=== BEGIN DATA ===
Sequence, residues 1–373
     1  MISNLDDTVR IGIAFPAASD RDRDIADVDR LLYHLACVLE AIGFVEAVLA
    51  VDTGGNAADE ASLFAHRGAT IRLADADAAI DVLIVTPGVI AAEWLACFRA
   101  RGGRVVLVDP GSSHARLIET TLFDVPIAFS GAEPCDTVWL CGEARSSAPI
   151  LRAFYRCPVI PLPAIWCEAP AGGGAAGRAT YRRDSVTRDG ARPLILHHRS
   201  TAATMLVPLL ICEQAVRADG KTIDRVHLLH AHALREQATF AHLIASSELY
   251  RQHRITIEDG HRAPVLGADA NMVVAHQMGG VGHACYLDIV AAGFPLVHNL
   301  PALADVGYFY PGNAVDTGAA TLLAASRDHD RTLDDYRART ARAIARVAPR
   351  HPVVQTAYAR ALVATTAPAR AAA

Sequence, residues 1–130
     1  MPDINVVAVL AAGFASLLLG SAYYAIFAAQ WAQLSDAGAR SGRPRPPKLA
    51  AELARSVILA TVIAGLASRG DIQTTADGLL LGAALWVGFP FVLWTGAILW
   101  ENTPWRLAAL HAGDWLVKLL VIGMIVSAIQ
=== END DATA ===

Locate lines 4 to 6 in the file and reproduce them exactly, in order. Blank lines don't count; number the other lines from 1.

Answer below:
   101  RGGRVVLVDP GSSHARLIET TLFDVPIAFS GAEPCDTVWL CGEARSSAPI
   151  LRAFYRCPVI PLPAIWCEAP AGGGAAGRAT YRRDSVTRDG ARPLILHHRS
   201  TAATMLVPLL ICEQAVRADG KTIDRVHLLH AHALREQATF AHLIASSELY